The collection is now on display at Pacific Museum of the Earth, University of British Columbia, Vancouver.

Death

Helen Annie dies on 27th December 1932 aged 80 years and is buried with her husband, Will, at Ross Bay Cemetery, Victoria. Here is Annie and Will's grave; the cross is missing. It is below a big copper beech tree.

Thanks to Leona Taylor.

Amy and Kate Fox

In 1901 Harriet Amy, known as Amy to the family, is 41 years old and a music teacher. Her sister Catherine Georgina, known to the family as Kate, is 38 and teaches at a private school. Amy earns $120 per year whilst Kate earns $155. They are living in the city area of Victoria and have a lodger, Charles E. Clarke who is the Harbour Master.

In 1921 Amy is living at 958 Mason Street on her own. She owns the house which is made of wood, is single storey and has eight rooms; she is still teaching music. It is interesting that a family called Fox live next door, Thomas and his wife Agnes with their daughter Kilda - I do not know if they are relatives. Amy dies on 31st August 1948 aged 88 years.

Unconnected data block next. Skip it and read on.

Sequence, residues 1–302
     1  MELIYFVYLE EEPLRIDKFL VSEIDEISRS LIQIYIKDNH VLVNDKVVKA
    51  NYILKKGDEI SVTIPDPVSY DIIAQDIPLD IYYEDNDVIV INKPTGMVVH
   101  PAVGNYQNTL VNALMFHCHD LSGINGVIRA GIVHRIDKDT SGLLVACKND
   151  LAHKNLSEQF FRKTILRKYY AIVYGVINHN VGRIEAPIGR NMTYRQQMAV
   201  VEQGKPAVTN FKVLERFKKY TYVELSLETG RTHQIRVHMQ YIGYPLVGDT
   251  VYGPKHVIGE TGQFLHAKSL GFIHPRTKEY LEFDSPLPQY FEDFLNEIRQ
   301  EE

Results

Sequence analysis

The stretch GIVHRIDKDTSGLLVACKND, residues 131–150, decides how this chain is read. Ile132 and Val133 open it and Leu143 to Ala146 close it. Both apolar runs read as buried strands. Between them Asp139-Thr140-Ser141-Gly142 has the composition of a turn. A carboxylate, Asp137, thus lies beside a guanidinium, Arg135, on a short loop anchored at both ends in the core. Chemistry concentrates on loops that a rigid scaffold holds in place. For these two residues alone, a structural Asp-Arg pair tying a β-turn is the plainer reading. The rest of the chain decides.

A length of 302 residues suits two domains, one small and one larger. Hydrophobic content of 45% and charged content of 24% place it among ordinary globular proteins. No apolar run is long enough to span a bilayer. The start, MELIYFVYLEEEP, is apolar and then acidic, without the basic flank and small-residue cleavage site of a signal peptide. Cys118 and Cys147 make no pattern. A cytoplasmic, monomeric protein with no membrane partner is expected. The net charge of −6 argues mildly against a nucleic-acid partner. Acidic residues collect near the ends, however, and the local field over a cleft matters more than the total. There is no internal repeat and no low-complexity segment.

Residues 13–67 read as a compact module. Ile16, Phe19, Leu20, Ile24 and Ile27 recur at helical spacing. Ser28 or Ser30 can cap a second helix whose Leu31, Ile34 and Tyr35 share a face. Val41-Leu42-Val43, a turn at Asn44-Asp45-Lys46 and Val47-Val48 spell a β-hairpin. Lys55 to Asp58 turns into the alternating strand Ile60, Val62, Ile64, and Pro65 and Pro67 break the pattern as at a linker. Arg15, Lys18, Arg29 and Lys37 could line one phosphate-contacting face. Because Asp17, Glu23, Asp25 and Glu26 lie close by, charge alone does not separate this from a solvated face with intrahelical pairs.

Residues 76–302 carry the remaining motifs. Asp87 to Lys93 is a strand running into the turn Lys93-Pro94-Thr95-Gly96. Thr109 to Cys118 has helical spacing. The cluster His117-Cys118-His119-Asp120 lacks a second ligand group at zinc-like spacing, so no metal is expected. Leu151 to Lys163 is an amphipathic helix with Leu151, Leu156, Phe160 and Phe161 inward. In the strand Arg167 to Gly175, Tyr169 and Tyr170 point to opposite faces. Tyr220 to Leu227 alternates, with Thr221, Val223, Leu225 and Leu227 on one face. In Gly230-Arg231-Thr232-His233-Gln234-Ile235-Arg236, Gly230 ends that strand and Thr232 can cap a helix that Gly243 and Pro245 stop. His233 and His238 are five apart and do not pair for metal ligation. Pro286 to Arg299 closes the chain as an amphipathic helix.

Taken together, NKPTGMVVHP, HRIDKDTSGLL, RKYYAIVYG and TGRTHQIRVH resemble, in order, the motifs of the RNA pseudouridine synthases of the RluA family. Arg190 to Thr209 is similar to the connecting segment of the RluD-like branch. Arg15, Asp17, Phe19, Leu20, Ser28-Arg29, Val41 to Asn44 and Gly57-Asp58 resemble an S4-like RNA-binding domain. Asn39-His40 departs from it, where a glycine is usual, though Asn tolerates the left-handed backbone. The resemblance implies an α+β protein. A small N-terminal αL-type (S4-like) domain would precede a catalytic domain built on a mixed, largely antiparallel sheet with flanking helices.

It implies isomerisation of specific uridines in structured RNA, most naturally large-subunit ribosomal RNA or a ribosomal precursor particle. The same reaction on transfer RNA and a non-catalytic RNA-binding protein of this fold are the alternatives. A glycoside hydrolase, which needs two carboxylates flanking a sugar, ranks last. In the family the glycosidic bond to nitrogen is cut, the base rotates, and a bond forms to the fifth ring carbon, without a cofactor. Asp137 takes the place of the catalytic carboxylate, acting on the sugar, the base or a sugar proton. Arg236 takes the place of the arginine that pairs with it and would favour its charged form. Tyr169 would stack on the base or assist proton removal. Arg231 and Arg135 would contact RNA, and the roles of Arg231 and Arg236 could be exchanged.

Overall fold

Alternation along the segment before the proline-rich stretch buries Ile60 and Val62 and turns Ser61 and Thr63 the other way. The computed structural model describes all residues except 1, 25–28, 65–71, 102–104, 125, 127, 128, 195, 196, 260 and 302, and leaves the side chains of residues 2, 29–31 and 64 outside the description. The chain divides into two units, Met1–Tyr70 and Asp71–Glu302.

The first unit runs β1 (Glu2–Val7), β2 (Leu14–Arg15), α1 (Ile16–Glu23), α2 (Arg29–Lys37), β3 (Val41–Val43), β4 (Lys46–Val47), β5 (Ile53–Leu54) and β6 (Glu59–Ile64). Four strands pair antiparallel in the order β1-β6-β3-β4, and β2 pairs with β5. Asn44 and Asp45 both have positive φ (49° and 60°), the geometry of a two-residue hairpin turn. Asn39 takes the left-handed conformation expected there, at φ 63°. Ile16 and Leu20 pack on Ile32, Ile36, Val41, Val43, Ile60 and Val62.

As already mentioned, Kate is living with Annie at 749 Discovery Street in 1921. Kate dies on 28th September 1958 at Saanich, a district of Victoria, she is 94 years old.

Neither Amy nor Kate married. Both had been members of the Victoria branch of the Royal Astronomical Society of Canada, which their brother-in-law, Will Sutton, helped to found. They were also members of the Literary Society, as was Will Sutton and his sister, Fanny.

The Ellwoods

George Thomas, known as Tom to the family, married Minnie Ellwood on 4th July 1894 in Victoria.

Minnie emigrated to Canada in 1890. I will come back to Minnie after we have looked at her family. Her parents were John Benjamin Ellwood (1826-1908) and Isabella Lofthouse (1826-1894).

John Benjamin Ellwood was born in 1826 in Patrick Brompton near Hunton, in Richmondshire, North Yorkshire, where he was baptised on 9th July 1826. His parents were Benjamin and Elizabeth.

In 1841 John is a man servant at Patrick Brompton for Elizabeth Elsby, 60 years old, who also had two other servants. He had clearly obtained an education because by 1851 he is employed as a book keeper at a general warehouse in Salford where he is lodging at 9 Browning Street. In 1852 he marries Isabella Lofthouse at Ripon.

Isabella Lofthouse was born in about 1828 in Bishop Monkton, five miles south of Ripon and 24 miles south of Patrick Brompton. Her parents are Thomas and Margaret Lofthouse. As far as I know these Lofthouses are not related to Margaret Lofthouse (wife of George Fox).